Yeah, some of your friends may forget you just went through a breakup when they show off their new boyfriend, but what distinguishes your true BFF from them is they'll put your feelings above their need to happily boast about it.
You can ask for help without making them your therapist."Helping a dear friend, who would help you if needed, doesn't feel like a sacrifice," says Dr. Levine. "But if a friend is exceptionally needy and constantly demanding, that can begin to feel like a drain. Your friend can't be your therapist or counselor."
At the end of the day, you still have other ways of coping than repeatedly piling all your problems on the same friend.
You express hurt in a really healthy way."Friends need to be able to feel open enough to discuss their feelings," says Dr. Levine. "When someone feels hurt, they shouldn't allow little hurts to snowball into big ones." Levine suggests using "I" statements and staying away from accusations or passive aggression. Because if you're that close, you will inadvertently hurt each other's feelings at least once. Knowing how to navigate those situations can actually improve your bond and glue you together.
You give kind criticism, and only when actually necessary.If you have a BFF who says "edgy"-but-mostly-hurtful things about you under the caveat of "I just tell it how it is," They. Are. Not. A. Friend. And you will cut them out of your life the moment you find an actually-supportive best friend.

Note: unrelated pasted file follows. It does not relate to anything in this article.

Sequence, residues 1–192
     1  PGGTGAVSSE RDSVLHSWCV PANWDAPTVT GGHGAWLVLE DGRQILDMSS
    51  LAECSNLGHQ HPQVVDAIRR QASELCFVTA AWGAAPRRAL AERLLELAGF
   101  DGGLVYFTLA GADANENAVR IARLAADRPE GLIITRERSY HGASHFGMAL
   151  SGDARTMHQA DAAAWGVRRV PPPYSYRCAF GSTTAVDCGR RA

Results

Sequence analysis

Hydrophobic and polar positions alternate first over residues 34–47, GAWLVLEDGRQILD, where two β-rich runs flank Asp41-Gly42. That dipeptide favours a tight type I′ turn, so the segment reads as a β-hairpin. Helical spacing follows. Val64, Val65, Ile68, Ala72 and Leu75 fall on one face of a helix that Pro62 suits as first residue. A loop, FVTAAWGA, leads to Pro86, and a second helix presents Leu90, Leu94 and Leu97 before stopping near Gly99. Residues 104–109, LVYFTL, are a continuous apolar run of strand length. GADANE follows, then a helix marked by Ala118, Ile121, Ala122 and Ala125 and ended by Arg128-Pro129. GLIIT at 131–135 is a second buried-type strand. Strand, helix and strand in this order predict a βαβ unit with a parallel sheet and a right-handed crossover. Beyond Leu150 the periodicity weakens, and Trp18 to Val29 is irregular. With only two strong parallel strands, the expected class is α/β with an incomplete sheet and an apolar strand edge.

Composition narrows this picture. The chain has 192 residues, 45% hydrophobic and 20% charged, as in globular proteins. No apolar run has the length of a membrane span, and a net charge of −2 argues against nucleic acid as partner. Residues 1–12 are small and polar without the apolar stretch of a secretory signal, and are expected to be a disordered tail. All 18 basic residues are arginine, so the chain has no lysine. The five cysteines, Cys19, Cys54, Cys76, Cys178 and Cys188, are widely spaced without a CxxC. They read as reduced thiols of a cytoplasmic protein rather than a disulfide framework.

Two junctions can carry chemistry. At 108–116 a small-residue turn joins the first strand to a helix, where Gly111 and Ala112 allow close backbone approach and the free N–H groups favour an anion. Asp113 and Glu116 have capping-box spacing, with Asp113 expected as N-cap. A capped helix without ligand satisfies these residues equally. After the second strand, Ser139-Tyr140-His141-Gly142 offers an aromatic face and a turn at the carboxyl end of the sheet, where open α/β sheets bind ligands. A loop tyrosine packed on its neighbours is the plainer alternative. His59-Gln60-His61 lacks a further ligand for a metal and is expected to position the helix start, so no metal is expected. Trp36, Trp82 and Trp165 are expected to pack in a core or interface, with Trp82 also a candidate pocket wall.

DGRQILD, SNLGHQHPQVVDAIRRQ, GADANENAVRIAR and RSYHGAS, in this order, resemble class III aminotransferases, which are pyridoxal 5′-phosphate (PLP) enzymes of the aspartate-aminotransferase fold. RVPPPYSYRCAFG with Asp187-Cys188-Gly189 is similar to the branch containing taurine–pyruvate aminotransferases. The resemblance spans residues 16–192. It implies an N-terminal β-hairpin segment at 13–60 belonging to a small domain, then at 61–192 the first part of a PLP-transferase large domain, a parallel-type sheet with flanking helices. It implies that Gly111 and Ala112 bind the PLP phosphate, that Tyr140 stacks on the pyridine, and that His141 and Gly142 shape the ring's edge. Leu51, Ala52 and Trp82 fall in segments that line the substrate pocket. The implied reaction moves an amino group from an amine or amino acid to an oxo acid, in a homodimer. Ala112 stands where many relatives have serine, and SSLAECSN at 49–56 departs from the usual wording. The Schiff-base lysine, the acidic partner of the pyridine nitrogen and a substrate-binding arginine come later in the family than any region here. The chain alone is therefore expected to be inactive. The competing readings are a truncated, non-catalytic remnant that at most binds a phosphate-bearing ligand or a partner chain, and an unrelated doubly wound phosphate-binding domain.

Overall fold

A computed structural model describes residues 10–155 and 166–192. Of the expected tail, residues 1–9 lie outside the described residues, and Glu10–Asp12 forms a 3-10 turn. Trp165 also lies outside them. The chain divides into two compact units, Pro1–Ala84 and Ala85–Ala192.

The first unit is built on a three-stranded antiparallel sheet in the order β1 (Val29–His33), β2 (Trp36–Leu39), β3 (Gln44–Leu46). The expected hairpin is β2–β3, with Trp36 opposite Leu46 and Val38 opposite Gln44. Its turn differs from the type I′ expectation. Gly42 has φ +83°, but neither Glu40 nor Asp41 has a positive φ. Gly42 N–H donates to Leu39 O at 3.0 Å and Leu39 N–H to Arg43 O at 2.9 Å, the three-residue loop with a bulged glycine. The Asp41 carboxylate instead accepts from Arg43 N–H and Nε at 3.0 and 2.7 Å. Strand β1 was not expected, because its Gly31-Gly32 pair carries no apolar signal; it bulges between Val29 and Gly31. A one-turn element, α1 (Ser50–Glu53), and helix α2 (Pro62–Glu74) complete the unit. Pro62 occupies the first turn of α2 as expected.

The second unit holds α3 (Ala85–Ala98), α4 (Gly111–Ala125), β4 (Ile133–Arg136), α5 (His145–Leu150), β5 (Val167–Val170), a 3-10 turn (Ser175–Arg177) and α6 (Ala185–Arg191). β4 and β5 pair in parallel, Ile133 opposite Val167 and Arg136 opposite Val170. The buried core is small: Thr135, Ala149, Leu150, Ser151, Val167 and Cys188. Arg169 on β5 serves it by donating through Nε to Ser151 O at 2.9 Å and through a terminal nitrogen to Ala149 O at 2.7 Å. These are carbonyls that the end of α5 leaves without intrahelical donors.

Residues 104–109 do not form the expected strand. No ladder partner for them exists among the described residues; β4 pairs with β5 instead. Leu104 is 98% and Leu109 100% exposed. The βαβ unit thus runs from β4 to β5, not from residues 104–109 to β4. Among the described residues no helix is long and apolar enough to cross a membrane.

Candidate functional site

How does one know a friend is truly just looking out for you? "[They] limit [their] criticisms to the small things that a person can change and don't ruminate about the same negative things over and over," says Dr. Levine. They also watch their tone and notice how you react to what they just said, so they don't go too far and hurt your feelings.
You don't bring in the squad when you have a fight.Never once saying anything behind the person's back is an impossible standard to hold yourself to, but there's a difference between airing out a mild annoyance and building a case against your friend so that your mutual friends will take your side. "Close friends are loyal to one another," says Dr. Levine. "The rule of thumb should be to never indulge in gossip that would be hurtful to your friend if it got back to her."
You're always doing new things to bring yourselves closer.Your friendship isn't confined to a bar at Happy Hour—you'll plan vacations together or bond over the physical torture that is CrossFit. "Shared passions can strengthen a friendship; on the other hand, friends can also expose us to new interests and ways of being," says Dr. Levine. "Some friendships are talk- and feeling-intensive; others are more heavily based on shared activities."
Whatever you end up doing, the main thing is you never feel bored together, or like you're just stuck doing the same exact things you did in high school.
You adjust to whatever big life changes come your way.Unless you're very lucky, you probably won't be in the same location 24/7, especially as you get older. "Long-distance friendships are less spontaneous and convenient," says Dr. Levine. "To sustain and nurture a long-distance friendship, two friends need to have a solid emotional connection and be willing to make an effort to maintain the relationship."
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This article originally appeared on Cosmopolitan.com. Minor edits have been made by the Cosmo.ph editors.